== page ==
Watching Dr. Christine Blasey Ford saddened me and encouraged me, as I remember watching Anita Hill, Esq. in 1991 and the optics of a primarily all-male panel were so similar. There was an exception though: the presence of two WOC U.S. Senators: Kamala Harris (CA) and Mazie Hirono (HI). That made me imagine a future where at least half of the U.S. Senators were women.

How would that impact both the nature of the questioning, as well as the confirmation process?

Like Dr. Blasey Ford, my background is in psychology. Like Dr. Blasey Ford, I have also survived sexual assault. Many colleagues, friends, and associates called me the day of the testimony because they felt “safe” calling me to disclose of their own experiences around sexual assault.

Presently, we have an empathy gap in the political landscape. More women in office, will bring different and varied solutions to long standing problems of gendered violence (among others) that disproportionately impact women.

U.S. Congresswomen Maxine Waters, Karen Bass, Barbara Lee, Shirley Chisholm, Alexandria Ocasio-Cortez, Sheila Jackson Lee, Barbara Jordan, Lauren Underwood, Lucy McBath, Nancy Pelosi, Diane Watson, Ayanna Pressley, and Delegate to the U.S. House of Representatives Eleanor Holmes Norton are all role models to me. Eleanor Holmes Norton’s fight in the '70s for “equal pay” still resonates today. I know that all of these aforementioned women have had hurdles, but nevertheless they persisted to change the landscape of politics in the United States of America.

Why do you think it is important for people to invest in programs like She Should Run?

When you invest in She Should Run, you are investing in a United States of America that can and should look more representative of the U.S.A. Women need to be asked to run for office (an average of six to eight times) due to internalized barriers of what a woman “can or should” do occupationally. Women are not groomed to lead in the same way men are, so we need institutions to fill in the gap.

Nina Shaw, Esq. stated that “Empowered women, empower other women.” This has been the case for me, when I met women in NYC at She Should Run’s “Road to Run” event. I flew from Los Angeles to New York (for less than 24 hours) for the opportunity to meet women that had run for office at all levels of government.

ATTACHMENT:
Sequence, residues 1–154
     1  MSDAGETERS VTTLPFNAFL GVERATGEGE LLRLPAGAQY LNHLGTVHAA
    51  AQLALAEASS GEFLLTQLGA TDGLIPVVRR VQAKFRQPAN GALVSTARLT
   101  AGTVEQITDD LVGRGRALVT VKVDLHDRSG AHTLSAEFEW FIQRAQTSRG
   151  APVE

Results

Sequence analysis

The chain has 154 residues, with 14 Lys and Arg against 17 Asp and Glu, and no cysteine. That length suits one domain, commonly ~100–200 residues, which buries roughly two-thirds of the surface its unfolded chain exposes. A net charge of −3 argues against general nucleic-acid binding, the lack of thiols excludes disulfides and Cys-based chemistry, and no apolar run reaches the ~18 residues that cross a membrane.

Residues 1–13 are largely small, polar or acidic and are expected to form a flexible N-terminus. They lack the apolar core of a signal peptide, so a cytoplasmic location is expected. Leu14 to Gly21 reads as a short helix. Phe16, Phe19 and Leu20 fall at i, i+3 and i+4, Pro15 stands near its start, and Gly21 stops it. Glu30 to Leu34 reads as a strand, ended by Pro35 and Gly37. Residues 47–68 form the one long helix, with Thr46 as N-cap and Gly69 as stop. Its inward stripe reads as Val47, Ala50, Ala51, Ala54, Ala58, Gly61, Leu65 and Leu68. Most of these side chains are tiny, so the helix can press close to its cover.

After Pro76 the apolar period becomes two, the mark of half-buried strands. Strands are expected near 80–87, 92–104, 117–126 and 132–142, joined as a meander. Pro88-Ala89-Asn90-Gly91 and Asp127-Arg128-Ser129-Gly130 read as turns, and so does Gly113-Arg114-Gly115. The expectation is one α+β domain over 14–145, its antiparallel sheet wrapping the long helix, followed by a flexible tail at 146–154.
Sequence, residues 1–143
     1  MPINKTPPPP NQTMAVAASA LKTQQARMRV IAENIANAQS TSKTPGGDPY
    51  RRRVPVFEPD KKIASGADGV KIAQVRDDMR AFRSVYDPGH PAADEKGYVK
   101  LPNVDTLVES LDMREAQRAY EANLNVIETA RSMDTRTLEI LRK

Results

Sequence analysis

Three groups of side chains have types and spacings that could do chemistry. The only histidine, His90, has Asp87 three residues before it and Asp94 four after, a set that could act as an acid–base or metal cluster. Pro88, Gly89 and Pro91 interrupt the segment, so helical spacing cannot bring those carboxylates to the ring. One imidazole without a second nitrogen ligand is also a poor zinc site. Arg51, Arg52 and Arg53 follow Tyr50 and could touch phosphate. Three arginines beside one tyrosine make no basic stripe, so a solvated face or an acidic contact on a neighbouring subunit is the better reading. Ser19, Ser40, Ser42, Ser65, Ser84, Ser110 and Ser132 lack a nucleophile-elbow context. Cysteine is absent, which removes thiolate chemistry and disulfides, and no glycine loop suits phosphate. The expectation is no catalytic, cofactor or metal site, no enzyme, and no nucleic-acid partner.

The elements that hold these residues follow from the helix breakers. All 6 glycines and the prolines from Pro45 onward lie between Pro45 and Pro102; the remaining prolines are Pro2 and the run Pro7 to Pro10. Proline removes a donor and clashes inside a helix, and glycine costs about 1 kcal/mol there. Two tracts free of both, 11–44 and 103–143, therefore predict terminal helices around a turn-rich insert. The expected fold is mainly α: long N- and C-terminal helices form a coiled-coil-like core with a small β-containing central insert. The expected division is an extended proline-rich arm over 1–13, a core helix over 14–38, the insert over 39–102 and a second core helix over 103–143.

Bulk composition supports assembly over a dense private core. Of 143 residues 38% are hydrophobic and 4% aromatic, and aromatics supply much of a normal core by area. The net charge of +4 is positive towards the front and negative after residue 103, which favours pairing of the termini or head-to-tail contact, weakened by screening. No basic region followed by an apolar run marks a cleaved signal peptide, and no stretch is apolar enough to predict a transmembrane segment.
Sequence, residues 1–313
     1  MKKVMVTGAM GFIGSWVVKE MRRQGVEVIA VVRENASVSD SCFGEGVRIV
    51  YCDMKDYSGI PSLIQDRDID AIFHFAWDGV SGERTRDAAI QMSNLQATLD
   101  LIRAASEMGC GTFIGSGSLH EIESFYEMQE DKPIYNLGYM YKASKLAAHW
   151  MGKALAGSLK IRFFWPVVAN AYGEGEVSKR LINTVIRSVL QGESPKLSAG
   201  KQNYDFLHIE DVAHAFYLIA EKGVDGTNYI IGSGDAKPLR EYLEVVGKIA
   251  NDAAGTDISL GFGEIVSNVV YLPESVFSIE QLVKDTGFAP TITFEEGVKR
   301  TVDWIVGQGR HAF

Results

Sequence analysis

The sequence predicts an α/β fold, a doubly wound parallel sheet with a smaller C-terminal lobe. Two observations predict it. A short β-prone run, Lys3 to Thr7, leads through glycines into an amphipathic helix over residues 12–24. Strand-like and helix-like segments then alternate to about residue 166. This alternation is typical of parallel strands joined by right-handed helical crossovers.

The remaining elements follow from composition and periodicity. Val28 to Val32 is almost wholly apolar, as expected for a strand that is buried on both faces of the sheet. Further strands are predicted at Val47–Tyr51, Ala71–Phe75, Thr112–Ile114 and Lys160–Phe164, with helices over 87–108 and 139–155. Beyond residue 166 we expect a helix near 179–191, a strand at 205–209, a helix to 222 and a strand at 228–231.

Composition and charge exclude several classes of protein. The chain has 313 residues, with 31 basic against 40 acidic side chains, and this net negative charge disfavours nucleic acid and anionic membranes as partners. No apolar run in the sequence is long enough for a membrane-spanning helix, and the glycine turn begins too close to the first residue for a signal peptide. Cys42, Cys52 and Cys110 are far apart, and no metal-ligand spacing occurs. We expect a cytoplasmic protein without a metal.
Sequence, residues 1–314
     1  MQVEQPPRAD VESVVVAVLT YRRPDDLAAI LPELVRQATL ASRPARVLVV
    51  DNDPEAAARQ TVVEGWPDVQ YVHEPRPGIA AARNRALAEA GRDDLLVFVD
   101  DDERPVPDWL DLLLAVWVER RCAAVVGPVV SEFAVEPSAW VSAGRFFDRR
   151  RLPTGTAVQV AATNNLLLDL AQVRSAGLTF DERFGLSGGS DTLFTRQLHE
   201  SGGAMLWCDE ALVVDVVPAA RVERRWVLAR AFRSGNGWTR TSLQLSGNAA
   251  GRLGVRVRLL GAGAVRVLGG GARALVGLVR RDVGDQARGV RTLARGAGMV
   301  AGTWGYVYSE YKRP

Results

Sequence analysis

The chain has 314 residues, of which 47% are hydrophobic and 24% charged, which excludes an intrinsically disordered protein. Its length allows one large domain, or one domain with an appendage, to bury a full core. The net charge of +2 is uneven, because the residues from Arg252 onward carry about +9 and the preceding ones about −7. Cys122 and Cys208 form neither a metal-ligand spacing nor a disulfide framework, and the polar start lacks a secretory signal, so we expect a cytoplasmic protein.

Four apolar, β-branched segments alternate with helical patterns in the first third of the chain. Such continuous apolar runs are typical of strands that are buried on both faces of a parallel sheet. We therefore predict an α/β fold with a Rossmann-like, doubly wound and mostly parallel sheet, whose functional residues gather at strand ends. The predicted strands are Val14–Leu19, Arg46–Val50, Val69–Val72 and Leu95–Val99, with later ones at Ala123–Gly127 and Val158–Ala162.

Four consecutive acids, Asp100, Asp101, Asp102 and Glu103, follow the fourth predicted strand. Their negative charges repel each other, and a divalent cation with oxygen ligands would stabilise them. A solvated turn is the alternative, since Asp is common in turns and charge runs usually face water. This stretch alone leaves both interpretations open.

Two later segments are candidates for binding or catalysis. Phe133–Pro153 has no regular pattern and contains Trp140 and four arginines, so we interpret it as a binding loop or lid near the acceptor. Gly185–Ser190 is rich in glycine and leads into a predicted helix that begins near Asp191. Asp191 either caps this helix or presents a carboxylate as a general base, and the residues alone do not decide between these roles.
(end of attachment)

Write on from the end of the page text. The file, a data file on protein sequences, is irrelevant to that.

Additionally, authors and fellow WOC--Nathalie Molina-Nino of the book Leapfrog, and Soraya Chemaly of Rage Becomes Her: The Power of Women’s Anger provided theoretical underpinnings to my quest to run for office. To hear Nathalie Molina-Nino give tangible tips for “breaking” the political boys club, and Soraya Chemaly name the gendered differences in which we “allow” anger in our society.

In the Dr. Blasey Ford testimony, she was measured and controlled verses Associate Justice of the Supreme Court Brett Kavanaugh’s privilege to let his unbridled anger be “readily apparent.”

I, as a 49-year old African American woman, have never felt the privilege to be publicly indignant in the same vein. It is important to have forums in which we deconstruct what “has been” so that we can “create the new.”

Hearing CEO of She Should Run Erin Loos Cutraro state She Should Run’s goals of females holding 50% of public offices (250,000) by 2030 gave me a blueprint of what I wanted to help create, by running for office myself.

I used to anchor the 4x400 in track. Anchoring is not an enviable position because you have to “take responsibility” to bring the baton home. Whatever happened in the first 300 meters is irrelevant. You, as an anchor, have to run until your chest is on fire, and your legs don’t have strength. In short you have to “leave it all on the field.” I was not the fastest on my track team. I perhaps was willing to endure the most.

I, as a 49-year old African American woman, will run for office with that same fervor. I will run until my chest is on fire. I will campaign with everything that I am, with everything that I possess. I have an 11 year-old daughter that still believes that all of her dreams can come true. When she and I knock on doors together in the city of Los Angeles, I will help to keep her dream(s) intact.

The dream gap in girls was referenced at the November 2018 “Road to Run.” I will run for office for all the dreamers, those little girls that have doubted themselves and for the little girls within all of us as women that needed to hear “YOU should run.”